Osgood Pond

What makes a pond a pond? What makes a lake a lake? It is not always size in terms of acreage it covers. There are some ponds that are larger in size than lakes. Lakes are usually much deeper. Ponds they say are shallow enough to allow light to reach the bottom. One pond that seems larger than some lakes is Osgood Pond.

Osgood Pond is near Pauls Smith’s in the Adirondack Mountains of New York. You can access Osgood Pond by car by White Pine Road off of State Route 86. It has a boat launch maintained by the state. I visited there on two separate days. During the summer a recent university graduate was employed to check boats going in and out of the pond. The state tries to make sure invasive species are not carried from one body of water to another. I liked this boat launch. It was a gradual decline in to the pond.

There are not many houses on this pond. There is one on this island. Much of the land around the pond is designated wilderness.

One advantage of this pond is you can access other bodies or water without getting out of your canoe/ kayak. Some lakes and ponds have carries between them. This one has some passageways or outlets between it and other ponds and rivers.

This passageway is about 1.5 -2 feet deep between the ponds.
Passageway between Osgood and Church Ponds
Church Pond
Passageway from Church to Osgood Pond. It is very dark through the passageway. I rather enjoy taking these little outlets in between ponds and lakes.

Another advantage is there are some campsites accessible paddling from Osgood. There are primitive campsites along nearby Jones pond, accessible by paddling through Jones Pond outlet. There are lean-tos on Osgood and Church Pond. There are also primitive campsites on Upper Osgood River. These campsites are free and first come first served.

Thirdly, and most importantly to me, this pond has great access to viewing wildlife. There are ducks, multiple loon pairs, and eagles coming and going. There must be fish worth trying for. I did see a few fishermen.

One of two juveniles. The eagles go between lakes to find food.
So hungry I will eat a pine cone. These juvenile eagles (born in Spring) are at least a month or more behind the ones born along the Hudson River. I think they are born 1-2 months later. They flew but had trouble landing and in August did not fly much over water. They made no attempt to get food on their own, and the parents appeared to delay getting food for them.
After one fish was dropped off the kids fought over it and the parents flew back to the nest to break it up.

Loon behaviour on this pond was odd. I did not see them stick their heads above water for long and they did not hang out long on the surface at any time. I watched them the first day. The second day I saw the eagles. I attribute the loons’ behaviour to the eagle’s presence. Eagles will go after ducks and loons and their young. I did not see young loons on this pond. A local told me the eagles have been visiting for three years and they have not seen loon young in three years. They tie the two events together.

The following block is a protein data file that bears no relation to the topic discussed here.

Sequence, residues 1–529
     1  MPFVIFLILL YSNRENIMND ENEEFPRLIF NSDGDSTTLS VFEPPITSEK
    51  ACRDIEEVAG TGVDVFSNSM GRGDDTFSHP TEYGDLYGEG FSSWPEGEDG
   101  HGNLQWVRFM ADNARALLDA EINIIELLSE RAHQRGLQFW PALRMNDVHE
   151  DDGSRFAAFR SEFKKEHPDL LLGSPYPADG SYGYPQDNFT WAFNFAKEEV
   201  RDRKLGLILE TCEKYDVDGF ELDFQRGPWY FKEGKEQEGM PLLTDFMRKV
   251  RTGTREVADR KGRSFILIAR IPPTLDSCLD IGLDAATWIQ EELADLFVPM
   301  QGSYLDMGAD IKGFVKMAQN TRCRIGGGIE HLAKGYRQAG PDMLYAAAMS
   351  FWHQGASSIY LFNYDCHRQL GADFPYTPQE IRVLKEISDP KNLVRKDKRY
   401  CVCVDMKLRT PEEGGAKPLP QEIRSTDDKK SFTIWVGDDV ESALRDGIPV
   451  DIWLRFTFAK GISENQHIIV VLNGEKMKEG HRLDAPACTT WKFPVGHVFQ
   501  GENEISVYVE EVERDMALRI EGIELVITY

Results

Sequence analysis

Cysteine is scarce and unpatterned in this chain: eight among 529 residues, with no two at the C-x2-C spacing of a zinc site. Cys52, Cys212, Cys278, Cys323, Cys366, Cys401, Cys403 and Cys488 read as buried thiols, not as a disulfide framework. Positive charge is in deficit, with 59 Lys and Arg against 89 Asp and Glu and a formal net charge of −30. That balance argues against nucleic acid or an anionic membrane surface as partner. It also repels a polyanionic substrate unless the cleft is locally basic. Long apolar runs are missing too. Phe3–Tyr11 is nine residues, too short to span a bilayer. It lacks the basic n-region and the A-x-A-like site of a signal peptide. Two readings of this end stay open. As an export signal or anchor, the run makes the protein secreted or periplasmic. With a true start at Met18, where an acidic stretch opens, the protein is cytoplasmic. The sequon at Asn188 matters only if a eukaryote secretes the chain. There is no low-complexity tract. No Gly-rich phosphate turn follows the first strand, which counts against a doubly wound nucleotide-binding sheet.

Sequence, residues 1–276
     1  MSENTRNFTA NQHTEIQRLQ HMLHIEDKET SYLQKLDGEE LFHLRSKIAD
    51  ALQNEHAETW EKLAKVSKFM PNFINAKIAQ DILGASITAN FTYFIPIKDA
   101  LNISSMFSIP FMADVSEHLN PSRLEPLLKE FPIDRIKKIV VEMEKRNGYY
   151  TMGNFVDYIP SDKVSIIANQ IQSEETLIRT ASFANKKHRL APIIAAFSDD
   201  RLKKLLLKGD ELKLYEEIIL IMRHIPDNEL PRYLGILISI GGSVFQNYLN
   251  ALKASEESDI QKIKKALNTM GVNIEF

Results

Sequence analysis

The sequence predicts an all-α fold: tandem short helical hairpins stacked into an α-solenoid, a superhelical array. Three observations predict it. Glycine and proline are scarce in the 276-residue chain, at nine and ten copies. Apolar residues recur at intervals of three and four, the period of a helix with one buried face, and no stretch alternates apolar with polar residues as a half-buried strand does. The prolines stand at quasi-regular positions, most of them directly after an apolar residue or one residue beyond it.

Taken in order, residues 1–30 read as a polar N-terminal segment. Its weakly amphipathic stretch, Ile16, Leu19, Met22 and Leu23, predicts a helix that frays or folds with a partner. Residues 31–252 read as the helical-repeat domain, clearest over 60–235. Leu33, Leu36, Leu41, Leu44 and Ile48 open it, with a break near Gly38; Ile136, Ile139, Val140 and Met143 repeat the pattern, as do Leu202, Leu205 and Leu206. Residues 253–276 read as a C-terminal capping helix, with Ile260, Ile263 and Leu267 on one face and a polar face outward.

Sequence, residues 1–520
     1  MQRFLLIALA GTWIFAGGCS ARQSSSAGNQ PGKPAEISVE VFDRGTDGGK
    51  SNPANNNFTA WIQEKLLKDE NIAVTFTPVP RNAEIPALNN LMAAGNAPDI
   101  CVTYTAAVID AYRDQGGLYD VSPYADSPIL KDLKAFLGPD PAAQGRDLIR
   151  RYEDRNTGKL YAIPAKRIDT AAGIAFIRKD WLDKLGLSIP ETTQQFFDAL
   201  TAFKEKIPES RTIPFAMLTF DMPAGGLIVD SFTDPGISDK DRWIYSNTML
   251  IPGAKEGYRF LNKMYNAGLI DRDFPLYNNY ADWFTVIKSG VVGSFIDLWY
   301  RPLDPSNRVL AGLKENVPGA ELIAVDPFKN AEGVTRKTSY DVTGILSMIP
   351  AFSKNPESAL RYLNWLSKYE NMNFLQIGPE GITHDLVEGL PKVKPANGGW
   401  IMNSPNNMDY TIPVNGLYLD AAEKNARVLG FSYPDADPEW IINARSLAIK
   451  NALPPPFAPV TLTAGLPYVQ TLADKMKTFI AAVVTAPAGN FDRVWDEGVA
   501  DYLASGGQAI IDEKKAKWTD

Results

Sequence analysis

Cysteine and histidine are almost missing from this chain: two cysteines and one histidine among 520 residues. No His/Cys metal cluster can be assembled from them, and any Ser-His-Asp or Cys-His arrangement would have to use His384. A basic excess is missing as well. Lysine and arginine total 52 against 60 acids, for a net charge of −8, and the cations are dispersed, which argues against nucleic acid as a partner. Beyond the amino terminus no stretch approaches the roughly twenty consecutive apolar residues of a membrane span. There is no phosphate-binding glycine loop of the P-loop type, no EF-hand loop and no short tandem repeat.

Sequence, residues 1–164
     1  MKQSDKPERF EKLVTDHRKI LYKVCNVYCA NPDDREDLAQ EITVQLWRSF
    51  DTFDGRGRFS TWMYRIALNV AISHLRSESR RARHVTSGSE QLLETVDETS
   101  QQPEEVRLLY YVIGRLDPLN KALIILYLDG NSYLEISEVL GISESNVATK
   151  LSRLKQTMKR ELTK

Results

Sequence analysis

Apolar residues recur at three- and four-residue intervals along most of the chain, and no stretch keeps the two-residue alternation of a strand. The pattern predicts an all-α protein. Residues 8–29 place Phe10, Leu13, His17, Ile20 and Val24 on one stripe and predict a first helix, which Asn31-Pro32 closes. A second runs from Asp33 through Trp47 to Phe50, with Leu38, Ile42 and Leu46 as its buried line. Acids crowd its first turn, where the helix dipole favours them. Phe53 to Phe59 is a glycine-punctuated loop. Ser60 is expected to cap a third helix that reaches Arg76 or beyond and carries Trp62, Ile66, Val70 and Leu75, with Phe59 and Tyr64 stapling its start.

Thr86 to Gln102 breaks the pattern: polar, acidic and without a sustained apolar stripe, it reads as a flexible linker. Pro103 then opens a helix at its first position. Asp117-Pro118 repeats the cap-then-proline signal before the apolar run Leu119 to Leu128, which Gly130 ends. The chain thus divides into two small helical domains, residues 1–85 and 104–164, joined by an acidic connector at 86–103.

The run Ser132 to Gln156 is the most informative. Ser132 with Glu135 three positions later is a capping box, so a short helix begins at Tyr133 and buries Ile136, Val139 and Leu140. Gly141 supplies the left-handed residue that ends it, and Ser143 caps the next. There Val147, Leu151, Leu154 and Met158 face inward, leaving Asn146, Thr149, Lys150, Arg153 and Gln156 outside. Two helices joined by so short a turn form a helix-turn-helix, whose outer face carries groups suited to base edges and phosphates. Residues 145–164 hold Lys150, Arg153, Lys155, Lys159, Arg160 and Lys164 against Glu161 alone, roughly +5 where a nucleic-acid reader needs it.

Overall it is a great place to kayak. I enjoyed it so much I went back again the following day. If you wish to canoe or kayak a few different bodies of water without carrying your boat, I recommend this pond. If you want a spot to camp for free arriving by boat, the lack of traffic at this location may make it ideal.

Self Isolating at State Line Lookout

What animal is an aerial acrobat? It travels at lightning speeds and you are amazed it does not crash when it lands on a cliff? The animal I speak of is the peregrine falcon. A great spot to view them is the State Line Lookout in New Jersey.

When I heard New Jersey might limit movement in the state, I decided to run down across the New York border and go to State Line Lookout. This park is a scenic spot to visit.

Location

State Line has its own exit off the Palisades Parkway. It is not far south of the NYS border. There is a nice parking area and a restaurant and gift shop. Both the restaurant and gift shop are closed though currently due to Corona Virus. To set the GPS the street is State Line Lookout in Alpine, NJ. The park is at the highest point of the Palisades. It is 532 feet above the river. There are updrafts along the cliffs that attract raptures.

I found out about this park through a couple of bird enthusiasts. The park is popular with serious photographers. The big guns were there. My equipment is only worth a small fraction of their equipment. These photographers were a friendly bunch and helped direct this first time visitor to good viewing spots.

The stone walls are close to the cliffside and not too high, so be careful.
This appears to be Yonkers, NY on the other side of the river. New York City is just south of Yonkers.

The park is along the Hudson River where it divides New York and New Jersey. Westchester County, New York is viewable on the other side of the River.

Falcons

The star attraction are the peregrine falcons that nest cliffside. They frequently put on aerial shows. Sometimes they land in neighboring trees or on the walls. From the viewing areas you can often find them perched on an outcrop or tree. One caught a bird with dark gray feathers and landed just below where we were standing. Feathers from their prey drifted up to us in the updrafts.

A tree was between where the falcon was and where I was standing. This was actually the closest I got to one of them. It was still a distance away.